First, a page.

The college was a contributor to the city's 2017 cultural designation as a United Nations Educational, Scientific and Cultural Organization (UNESCO) World City of Gastronomy https://en.unesco.org/news/64-cities-join-unesco-creative-cities-network partnering to ensure the city obtained the world-class designation in October. As a result of the partnership, San Antonio is a UNESCO Creative City of Gastronomy, elevating its global visibility as a leader among culinary destinations where culture and creativity are strategic factors for sustainable jobs and urban development. The St. Philip's College hospitality programs typically graduate 100 students annually, and expansion is expected later this decade when the college opens its $30 million Tourism, Hospitality and Culinary Arts Center of Excellence building funded as part of a $450 million bond package approved by voters in May 2017 to both construct new Alamo College District facilities and renovate existing college buildings. This growth will allow the college to contribute to a 300-year-old city with a unique cultural designation and a promising future that includes excellent education, urban development, and visits by such major organizations as the NAACP.
The potential students are forecast to visit the current culinary facilities in addition to the college's renown automotive technology lab.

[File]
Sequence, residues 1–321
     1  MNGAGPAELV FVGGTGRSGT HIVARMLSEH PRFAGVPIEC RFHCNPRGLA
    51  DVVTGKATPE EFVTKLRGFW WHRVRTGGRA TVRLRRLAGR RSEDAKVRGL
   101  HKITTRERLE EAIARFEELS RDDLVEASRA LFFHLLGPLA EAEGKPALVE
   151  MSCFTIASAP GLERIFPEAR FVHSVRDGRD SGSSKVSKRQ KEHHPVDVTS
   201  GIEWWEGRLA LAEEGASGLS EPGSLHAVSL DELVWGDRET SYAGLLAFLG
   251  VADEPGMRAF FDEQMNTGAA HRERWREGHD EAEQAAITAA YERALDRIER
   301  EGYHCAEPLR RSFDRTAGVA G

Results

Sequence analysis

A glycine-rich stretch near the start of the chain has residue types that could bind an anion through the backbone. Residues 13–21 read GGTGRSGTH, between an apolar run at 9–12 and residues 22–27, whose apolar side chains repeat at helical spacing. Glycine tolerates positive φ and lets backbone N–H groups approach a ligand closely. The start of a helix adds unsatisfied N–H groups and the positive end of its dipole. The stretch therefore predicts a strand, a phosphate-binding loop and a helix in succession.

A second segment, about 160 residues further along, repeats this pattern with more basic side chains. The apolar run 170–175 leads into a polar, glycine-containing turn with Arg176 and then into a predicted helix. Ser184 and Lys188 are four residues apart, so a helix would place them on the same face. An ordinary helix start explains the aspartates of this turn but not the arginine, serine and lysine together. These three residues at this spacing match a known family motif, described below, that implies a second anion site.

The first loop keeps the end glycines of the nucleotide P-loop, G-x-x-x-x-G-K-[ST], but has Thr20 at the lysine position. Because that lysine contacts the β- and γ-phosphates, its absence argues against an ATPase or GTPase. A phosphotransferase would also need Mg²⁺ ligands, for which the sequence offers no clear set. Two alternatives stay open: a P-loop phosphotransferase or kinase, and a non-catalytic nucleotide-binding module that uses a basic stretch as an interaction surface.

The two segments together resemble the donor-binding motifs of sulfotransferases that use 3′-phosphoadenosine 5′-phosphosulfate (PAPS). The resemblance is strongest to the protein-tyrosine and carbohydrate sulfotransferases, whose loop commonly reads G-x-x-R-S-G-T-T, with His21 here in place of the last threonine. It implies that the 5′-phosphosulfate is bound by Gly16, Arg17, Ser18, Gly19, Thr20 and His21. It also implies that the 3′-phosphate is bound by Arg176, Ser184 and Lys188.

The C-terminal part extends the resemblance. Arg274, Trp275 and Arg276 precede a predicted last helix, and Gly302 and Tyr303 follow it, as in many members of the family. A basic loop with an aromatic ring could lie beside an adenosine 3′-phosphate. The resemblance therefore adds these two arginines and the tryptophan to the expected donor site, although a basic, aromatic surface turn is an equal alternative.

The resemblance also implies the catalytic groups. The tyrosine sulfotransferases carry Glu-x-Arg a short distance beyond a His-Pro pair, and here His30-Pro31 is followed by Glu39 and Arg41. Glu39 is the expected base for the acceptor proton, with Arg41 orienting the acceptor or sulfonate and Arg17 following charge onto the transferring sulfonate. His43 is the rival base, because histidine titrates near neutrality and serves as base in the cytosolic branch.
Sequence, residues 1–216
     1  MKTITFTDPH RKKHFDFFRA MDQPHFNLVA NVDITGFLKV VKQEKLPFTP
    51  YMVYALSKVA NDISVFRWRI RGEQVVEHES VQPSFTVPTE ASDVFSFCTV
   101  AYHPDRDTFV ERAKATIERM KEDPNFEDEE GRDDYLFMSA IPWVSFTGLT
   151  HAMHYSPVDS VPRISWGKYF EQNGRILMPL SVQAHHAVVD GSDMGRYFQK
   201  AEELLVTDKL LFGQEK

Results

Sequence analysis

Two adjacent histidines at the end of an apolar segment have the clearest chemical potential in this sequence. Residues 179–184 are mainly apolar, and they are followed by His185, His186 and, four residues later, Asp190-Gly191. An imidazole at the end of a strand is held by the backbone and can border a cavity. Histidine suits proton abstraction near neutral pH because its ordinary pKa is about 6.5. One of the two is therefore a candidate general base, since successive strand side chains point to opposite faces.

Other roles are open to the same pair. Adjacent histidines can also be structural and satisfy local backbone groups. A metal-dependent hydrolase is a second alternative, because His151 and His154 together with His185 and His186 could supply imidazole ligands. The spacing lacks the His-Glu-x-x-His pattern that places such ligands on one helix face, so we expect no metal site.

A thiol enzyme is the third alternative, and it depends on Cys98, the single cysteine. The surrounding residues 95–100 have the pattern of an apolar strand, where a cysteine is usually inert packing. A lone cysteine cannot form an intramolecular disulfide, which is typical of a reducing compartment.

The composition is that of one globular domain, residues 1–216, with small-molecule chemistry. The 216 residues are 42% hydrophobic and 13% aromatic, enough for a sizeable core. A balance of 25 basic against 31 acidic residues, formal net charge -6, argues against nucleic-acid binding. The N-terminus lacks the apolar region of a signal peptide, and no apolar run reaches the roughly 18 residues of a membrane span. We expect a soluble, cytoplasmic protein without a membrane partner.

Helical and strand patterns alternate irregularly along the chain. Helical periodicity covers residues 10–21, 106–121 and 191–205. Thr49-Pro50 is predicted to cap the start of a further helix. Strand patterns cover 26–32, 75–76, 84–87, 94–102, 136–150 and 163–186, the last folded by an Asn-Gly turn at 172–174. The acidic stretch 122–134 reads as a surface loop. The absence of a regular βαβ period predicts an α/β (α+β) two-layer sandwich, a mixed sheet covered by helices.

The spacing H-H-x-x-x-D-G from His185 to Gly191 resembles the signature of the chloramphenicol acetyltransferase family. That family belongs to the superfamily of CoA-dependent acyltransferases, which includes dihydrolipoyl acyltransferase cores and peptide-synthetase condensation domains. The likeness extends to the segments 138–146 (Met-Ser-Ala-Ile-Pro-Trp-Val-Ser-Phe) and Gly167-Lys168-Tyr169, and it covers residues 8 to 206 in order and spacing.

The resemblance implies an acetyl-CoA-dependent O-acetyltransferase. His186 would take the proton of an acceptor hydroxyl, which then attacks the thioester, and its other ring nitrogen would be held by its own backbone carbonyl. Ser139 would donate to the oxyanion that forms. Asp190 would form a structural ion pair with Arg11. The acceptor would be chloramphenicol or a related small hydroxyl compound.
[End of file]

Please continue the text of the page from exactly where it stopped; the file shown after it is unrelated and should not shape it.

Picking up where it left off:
Founded in 1909, the National Association for the Advancement of Colored People has been an enormous advocate for the success and diversity of St. Philip's College since a local branch was organized in 1918, 20 years after the college was founded. In 1950, the local branch advocated for better educational support from the local community for African-American college students and their college. The branch's tradition of revenue-generating testimonial dinners began in 1954, the year of the Supreme Court decision that racial segregation in public schools was unconstitutional. In 1955, one year after that 1954 Supreme Court decision and the branch's first Freedom Fund dinner, local U.S. Air Force members who were not African-American became the first to rise above an institutional ethnicity barrier and enroll to benefit from study in what is nationally recognized as one of the nation's earliest established community colleges. Fifty years later, the college hosted local NAACP guests and The Honorable Julian Bond, statesman and former NAACP Chairman (1998-2010) as part of its 2014-2015 St. Philip's College President's Lecture Series season of seminars and free public lectures. The college's legendary history dates to its origin when Saint and revered President Emeritus Artemisia Bowden dedicated 52 years to growing a school for six entrepreneurial children of former slaves into what is now the nation's largest Historically Black College and University member institution with 13,000 students of considerable ethnic diversity and a thriving entrepreneurial, tech-oriented community. Nine-years of dedication to the systematic improvement of its organizational effectiveness (2009-2018) earned St. Philip's College top-tier quality status and validating acknowledgement from the state's governor last month. For several years of strategic planning, honing and focusing in on its core competencies of quality instruction, student engagement and community engagement---roughly 36 business quarters---St. Philip's College won a Governor's Award for Performance Excellence award that separates the best of the best organizations in Texas from the merely outstanding.